According to United Nations Food and Agriculture Organization (FAO), Colombia ranks third among Latin American countries with the highest number of hectares cultivated with fruit trees, at 10.9 percent. “We are also part of the main fruit producers in the region and one of the greatest potentials for expansion of the agricultural area,” says Castellanos.

Of particular notability is the growth in avocado exports, increasing over US$24.4 million in 2016 compared to 2015. “This fruit changed from being the fourth largest fruit exported to the European Union in 2013 to become the main fruit exported to this destination in 2016,” says Castellanos. “Even more striking is how in 2012 our avocado exports were so low and by 2016 we had reached US$35million. We anticipate even greater increases in the future.”

CorpoHass, the Colombian Hass avocado grower and exporter association, reports Hass avocado production in Colombia has increased from 23,000 tons in 2010 to over 58,000 tons in 2015. “In 2015, there were 13,530 hectares planted in Hass and we forecast even greater expansion by the end of 2017,” says Jorge Enrique Restrepo, executive director. “Top European export destinations include The Netherlands, the UK, Germany, Belgium, France, Ireland, Italy, Panama, Spain and Portugal.”

Unique Products

Given Colombia’s climate, diverse thermal floors and nutrient rich lands, Castellanos relates Colombia’s offering of unique fruits and vegetables throughout the year is growing. “We export a lot of exotics to Europe,” he says. “Historically, we have been the principal South American supplier of tropicals and exotics to Europe. Colombia continues to develop business in specialty items such as purple passion fruit, granadilla, tomate de arbol, and goldenberry.”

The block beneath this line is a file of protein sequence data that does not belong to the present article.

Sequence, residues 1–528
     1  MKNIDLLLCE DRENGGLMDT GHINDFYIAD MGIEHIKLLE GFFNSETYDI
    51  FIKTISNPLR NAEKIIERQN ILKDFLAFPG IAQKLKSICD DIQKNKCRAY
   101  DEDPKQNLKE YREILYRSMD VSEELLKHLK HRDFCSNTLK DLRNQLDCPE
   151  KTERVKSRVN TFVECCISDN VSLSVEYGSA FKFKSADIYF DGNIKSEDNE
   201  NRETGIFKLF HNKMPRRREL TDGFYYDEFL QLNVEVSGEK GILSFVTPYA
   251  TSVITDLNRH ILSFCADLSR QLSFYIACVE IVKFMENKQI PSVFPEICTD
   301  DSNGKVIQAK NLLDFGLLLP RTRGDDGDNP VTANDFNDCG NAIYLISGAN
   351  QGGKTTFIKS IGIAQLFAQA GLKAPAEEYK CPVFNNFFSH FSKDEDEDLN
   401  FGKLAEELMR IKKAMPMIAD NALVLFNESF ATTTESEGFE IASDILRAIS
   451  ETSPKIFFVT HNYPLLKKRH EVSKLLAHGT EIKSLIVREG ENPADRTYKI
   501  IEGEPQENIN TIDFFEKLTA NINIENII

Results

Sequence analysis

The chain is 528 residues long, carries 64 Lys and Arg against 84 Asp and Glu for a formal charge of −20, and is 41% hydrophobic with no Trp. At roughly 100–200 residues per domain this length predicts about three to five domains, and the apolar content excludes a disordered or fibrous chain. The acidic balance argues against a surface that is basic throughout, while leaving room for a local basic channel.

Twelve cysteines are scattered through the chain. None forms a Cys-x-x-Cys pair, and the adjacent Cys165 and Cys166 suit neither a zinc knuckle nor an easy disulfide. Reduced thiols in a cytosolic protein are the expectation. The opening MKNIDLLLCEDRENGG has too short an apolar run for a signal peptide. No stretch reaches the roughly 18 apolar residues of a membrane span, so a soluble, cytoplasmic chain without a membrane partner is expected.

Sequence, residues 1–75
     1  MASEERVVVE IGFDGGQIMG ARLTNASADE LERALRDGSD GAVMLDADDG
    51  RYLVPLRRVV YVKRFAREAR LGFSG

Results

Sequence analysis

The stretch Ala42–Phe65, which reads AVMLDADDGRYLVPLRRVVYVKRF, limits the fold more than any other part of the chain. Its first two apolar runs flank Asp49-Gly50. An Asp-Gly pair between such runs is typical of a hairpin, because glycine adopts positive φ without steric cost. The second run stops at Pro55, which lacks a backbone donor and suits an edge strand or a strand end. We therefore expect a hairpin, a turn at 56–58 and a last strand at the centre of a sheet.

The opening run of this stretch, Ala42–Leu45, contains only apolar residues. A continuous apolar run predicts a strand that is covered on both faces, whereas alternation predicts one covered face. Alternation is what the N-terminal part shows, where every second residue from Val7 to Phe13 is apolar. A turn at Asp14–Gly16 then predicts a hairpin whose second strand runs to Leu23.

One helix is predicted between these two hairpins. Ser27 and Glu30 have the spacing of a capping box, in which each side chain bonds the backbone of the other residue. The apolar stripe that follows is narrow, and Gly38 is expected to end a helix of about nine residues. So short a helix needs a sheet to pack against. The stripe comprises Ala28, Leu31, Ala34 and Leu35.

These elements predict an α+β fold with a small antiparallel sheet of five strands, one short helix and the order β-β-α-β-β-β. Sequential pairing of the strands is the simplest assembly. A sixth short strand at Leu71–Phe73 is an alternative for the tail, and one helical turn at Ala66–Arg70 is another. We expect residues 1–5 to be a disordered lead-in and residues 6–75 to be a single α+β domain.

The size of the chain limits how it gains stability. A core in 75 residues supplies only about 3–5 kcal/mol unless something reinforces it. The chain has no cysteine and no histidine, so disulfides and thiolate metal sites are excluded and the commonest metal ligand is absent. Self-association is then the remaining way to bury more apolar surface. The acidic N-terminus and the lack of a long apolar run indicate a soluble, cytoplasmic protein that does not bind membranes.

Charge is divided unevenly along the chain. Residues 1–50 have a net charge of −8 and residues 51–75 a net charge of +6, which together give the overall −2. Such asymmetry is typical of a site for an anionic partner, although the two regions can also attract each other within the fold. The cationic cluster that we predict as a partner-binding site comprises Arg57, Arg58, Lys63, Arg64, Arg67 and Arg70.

Castellanos also reports the expectation of significant growth in mainstream tropicals including mango, pineapple and papaya as well as other sectors such as dried fruit.

FRUANDES currently exports to a few European countries. “Our customers are our partners in their specific market region and we work hand in hand to grow together,” says González. “Our opportunity with them is to increase current volumes and add more of our products in their portfolio. In countries we don’t yet export to, we see a great opportunity to explore the market and find the partner best aligned with our business.”

Novacampo in Funza, Colombia, has been exporting physalis (Golden berry) to Europe for 20 years. “When we started exporting, physalis was primarily used as a decoration for cocktails but since then we’ve worked hard to really promote and we now have it positioned as a snacking product,” says Sandra Riano, sales manager. “We’ve seen good growth in the market, especially since we’ve made known all the health and nutrition attributes of the product.”

Riano reports currently exporting four containers a week to Europe and anticipates more growth potential. “We still have a lot of opportunity,” she says. “Europe is a large market and even though we have gained a lot of of ground, there is still lots of room to expand.”

Novacampo is also looking to export limes to Europe by the end of 2017. “Europe is a good market for limes and we can offer a good product,” says Riano. “Colombian limes have a rich green color coveted by buyers and are very high in juice content. These attributes make Colombian limes more desirable over other source countries. We anticipate exports of two containers weekly.”